Subhan: “I’m say­ing that they got the mor­al­ity from the teacher! Not from some mys­ter­i­ous light in the sky!”

Obert: “Look, I too read sci­ence fic­tion and fantasy as a child, and I think I may have been to some de­gree so­cial­ized by it—”

Subhan: “What a re­mark­able co­in­cid­ence.”

Obert: “The stor­ies taught me that it was right to care about people who were dif­fer­ent from me—ali­ens with strange shapes, ali­ens made of some­thing other than car­bon atoms, AIs who had been cre­ated rather than evolved, even things that didn’t think like a hu­man. But none of the stor­ies ever said, ‘You should care about people of dif­fer­ent shapes and sub­strates be­cause sci­ence fic­tion told you to do it, and what sci­ence fic­tion says, goes.’ I wouldn’t have bought that.”

Subhan: “Are you sure you wouldn’t have? That’s how re­li­gion works.”

Obert: “Didn’t work on you. Any­way, the nov­els said to care about the ali­ens be­cause they had in­ner lives and joys—or be­cause I wouldn’t want ali­ens to mis­treat hu­mans—or be­cause shape and sub­strate never had any­thing to do with what makes a per­son a per­son. And you know, that still seems to me like a good jus­ti­fic­a­tion.”

Subhan: “Of course; you were told it was a good jus­ti­fic­a­tion—maybe not dir­ectly, but the au­thor showed other char­ac­ters re­spond­ing to the ar­gu­ment.”

Obert: “It’s not like the sci­ence fic­tion writers were mak­ing up their mor­al­ity from scratch. They were work­ing at the end of a chain of moral ar­gu­ments and de­bates that stretches back to the Greeks, prob­ably to be­fore writ­ing, maybe to be­fore the dawn of mod­ern hu­man­ity. You can learn mor­al­ity, not just get pressed into it like a Jello mold. If you learn 2 + 3 = 5 from a teacher, it doesn’t mean the teacher has the power to add two sheep to three sheep and get six sheep. If you would have spouted back ‘2 + 3 = 6’ if the teacher said so, that doesn’t change the sheep, it just means that you don’t really un­der­stand the sub­ject. So too with mor­al­ity.”

Subhan: “Okay, let me try a dif­fer­ent tack. You, I take it, agree with both of these state­ments:”

  • “If I pre­ferred to kill people, it would not be­come right to kill people.”

  • “If I pre­ferred to eat an­chovy piz­zas, it would be­come right to eat an­chovy piz­zas.”

Obert: “Well, there are vari­ous caveats I’d at­tach to both of those. Like, in any cir­cum­stance where I really did prefer to kill someone, there’d be a high prob­ab­il­ity he was about to shoot me, or some­thing. And there’s all kinds of ways that eat­ing an an­chovy pizza could be wrong, like if I was already over­weight. And I don’t claim to be cer­tain of any­thing when it comes to mor­al­ity. But on the whole, and omit­ting all ob­jec­tions and knock-on ef­fects, I agree.”

Subhan: “It’s that second state­ment I’m really in­ter­ested in. How does your want­ing to eat an an­chovy pizza make it right?”

Obert: “Be­cause ceteris paribus, in the course of or­din­ary life as we know it, and bar­ring un­spe­cified side ef­fects, it is good for sen­tient be­ings to get what they want.”

Subhan: “And why doesn’t that ap­ply to the bit about killing, then?”

Obert: “Be­cause the other per­son doesn’t want to die. Look, the whole reason why it’s right in the first place for me to eat pep­p­er­oni pizza—the ori­ginal jus­ti­fic­a­tion—is that I en­joy do­ing so. Eat­ing pep­p­er­oni pizza makes me happy, which is ceteris paribus a good thing. And eat­ing an­chovy pizza—blegh! Ce­teris paribus, it’s not good for sen­tient be­ings to ex­per­i­ence dis­gust­ing tastes. But if my taste in pizza changes, that changes the con­sequn­e­ces of eat­ing, which changes the moral jus­ti­fic­a­tion, and so the moral judg­ment changes as well. But the reas­ons for not killing are in terms of the other per­son hav­ing an in­ner life that gets snuffed out—a fact that doesn’t change de­pend­ing on my own state of mind.”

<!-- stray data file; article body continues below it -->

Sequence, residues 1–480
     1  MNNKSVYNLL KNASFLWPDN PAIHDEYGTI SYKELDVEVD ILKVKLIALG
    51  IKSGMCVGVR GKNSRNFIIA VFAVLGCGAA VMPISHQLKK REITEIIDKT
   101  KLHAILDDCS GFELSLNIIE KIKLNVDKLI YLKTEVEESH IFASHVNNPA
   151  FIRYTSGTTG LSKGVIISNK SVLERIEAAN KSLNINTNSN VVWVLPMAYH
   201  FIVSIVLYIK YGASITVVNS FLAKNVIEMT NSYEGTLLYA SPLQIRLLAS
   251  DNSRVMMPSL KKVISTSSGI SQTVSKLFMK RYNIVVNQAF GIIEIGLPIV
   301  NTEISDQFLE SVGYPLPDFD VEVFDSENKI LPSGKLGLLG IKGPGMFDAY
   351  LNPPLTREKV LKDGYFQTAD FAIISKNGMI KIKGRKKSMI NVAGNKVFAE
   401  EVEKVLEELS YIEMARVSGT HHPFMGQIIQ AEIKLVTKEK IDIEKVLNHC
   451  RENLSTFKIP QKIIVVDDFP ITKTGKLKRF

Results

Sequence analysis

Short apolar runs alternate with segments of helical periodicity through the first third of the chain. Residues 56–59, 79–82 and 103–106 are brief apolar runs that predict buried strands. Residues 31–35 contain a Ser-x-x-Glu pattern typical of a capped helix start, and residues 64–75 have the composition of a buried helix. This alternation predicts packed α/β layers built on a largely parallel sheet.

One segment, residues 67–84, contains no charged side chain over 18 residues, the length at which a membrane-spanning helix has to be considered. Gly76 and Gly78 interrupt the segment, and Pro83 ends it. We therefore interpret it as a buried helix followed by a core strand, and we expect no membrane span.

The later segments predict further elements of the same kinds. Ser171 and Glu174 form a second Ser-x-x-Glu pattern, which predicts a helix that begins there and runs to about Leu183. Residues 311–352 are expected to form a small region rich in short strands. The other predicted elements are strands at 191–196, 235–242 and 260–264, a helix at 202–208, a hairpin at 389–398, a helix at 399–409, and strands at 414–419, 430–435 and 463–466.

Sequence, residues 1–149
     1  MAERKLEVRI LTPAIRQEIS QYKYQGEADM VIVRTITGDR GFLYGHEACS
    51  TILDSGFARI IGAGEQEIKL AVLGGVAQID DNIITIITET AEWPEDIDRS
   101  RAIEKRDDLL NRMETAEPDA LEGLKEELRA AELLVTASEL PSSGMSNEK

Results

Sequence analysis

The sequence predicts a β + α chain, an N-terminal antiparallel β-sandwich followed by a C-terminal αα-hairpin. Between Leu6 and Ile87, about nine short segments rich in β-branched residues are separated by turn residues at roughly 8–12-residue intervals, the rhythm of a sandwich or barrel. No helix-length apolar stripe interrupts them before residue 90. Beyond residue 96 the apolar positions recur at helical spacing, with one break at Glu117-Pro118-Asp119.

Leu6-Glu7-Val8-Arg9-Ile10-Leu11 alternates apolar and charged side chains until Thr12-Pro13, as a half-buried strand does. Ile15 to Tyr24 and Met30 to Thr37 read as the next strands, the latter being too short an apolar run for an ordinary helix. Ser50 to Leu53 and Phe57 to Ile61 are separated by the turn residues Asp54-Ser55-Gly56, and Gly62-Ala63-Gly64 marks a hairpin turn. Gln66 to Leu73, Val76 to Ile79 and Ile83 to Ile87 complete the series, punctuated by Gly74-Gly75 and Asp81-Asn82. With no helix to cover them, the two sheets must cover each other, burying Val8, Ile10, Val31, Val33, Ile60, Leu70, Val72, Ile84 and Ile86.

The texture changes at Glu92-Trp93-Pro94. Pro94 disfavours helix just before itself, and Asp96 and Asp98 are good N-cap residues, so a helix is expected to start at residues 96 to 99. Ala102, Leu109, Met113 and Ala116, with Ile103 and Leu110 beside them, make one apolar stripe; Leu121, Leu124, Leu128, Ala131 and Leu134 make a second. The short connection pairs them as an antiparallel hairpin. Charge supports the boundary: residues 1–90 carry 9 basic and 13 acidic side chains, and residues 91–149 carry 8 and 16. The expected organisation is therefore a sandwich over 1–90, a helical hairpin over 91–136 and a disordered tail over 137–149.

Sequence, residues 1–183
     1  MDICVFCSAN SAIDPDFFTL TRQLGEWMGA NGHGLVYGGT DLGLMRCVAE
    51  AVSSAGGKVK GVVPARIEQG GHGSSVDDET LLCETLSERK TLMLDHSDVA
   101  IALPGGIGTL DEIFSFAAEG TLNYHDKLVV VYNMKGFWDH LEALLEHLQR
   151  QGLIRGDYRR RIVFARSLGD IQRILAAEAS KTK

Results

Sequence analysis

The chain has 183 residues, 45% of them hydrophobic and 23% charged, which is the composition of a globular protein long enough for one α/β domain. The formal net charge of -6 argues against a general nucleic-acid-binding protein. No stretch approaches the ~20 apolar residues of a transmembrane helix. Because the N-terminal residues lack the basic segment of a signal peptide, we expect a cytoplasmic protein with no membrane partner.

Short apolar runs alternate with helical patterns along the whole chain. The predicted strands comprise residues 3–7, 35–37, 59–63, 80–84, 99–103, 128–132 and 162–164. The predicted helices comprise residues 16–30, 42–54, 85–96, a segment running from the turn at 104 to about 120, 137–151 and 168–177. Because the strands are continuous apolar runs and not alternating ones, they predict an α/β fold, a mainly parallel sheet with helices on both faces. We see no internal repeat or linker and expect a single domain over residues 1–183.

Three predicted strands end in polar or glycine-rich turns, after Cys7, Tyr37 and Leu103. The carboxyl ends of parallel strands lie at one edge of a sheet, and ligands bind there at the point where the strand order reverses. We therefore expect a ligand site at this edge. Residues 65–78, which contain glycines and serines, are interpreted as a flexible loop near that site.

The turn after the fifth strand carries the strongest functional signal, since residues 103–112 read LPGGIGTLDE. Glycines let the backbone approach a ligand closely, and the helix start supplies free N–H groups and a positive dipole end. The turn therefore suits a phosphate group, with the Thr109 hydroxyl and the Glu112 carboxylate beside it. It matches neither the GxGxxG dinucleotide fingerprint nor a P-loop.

Subhan: “Oh? I was guess­ing that the dif­fer­ence had some­thing to do with the so­cial dis­ap­proval that would be leveled at murder, but not at eat­ing an­chovy pizza.”

Obert: “As usual, your awk­ward at­tempts at ra­tion­al­ism have put you out of touch with self-evid­ent moral truths. That’s just not how I, or other real people, ac­tu­ally think! If I want to bleep bleep bleep a con­sent­ing adult, it doesn’t mat­ter whether so­ci­ety ap­proves. So­ci­ety can go bleep bleep bleep bleep bleep

Subhan: “Or so sci­ence fic­tion taught you.”

Obert: “Spider Robin­son’s sci­ence fic­tion, to be pre­cise. ‘Whatever turns you on’ shall be the whole of the law. So long as the ‘you’ is plural.”

Subhan: “So that’s where you got that par­tic­u­lar self-evid­ent moral truth. Was it also Spider Robin­son who told you that it was self-evid­ent?”

Obert: “No, I thought about that for a while, and then de­cided my­self.”

Subhan: “You seem to be pay­ing re­mark­ably close at­ten­tion to what people want. Yet you in­sist that what val­id­ates this at­ten­tion, is some ex­ternal stand­ard that makes the sat­is­fac­tion of de­sires, good. Can’t you just ad­mit that, by em­pathy and vi­cari­ous ex­per­i­ence and evolved fel­low-feel­ing, you want oth­ers to get what they want? When does this ex­ternal stand­ard ever say that it’s good for some­thing to hap­pen that someone doesn’t want?”

Obert: “Every time you’ve got to tell your child to lay off the ice cream, he’ll grow more fat cells that will make it im­possible for him to lose weight as an adult.”

Subhan: “And could some­thing good hap­pen that no one wanted?”

Obert: “I rather ex­pect so. I don’t think we’re all en­tirely past our child­hoods. In some ways the hu­man spe­cies it­self strikes me as be­ing a sort of tod­dler in the ‘No!’ stage.”

Subhan: “Look, there’s a per­fectly nor­mal and non-mys­ter­i­ous chain of caus­al­ity that de­scribes where mor­al­ity comes from, and it’s not from out­side hu­mans. If you’d been told that killing was right, or if you’d evolved to en­joy killing—much more than we already do, I mean—or if you really did have a mini-stroke that dam­aged your frontal lobe, then you’d be go­ing around say­ing, ‘Killing is right re­gard­less of what any­one thinks of it’. No great light in the sky would cor­rect you. There is noth­ing else to the story.”

Obert: “Really, I think that in this whole de­bate between us, there is sur­pris­ingly litle in­form­a­tion to be gained by such ob­ser­va­tions as ‘You only say that be­cause your brain makes you say it.’ If a neut­rino storm hit me, I might say ‘2 + 3 = 6’, but that wouldn’t change arith­metic. It would just make my brain com­pute some­thing other than arith­metic. And these vari­ous mis­for­tunes that you’ve de­scribed, wouldn’t change the crime of murder. They would just make my brain com­pute some­thing other than mor­al­ity.”

Part of The Metaethics Sequence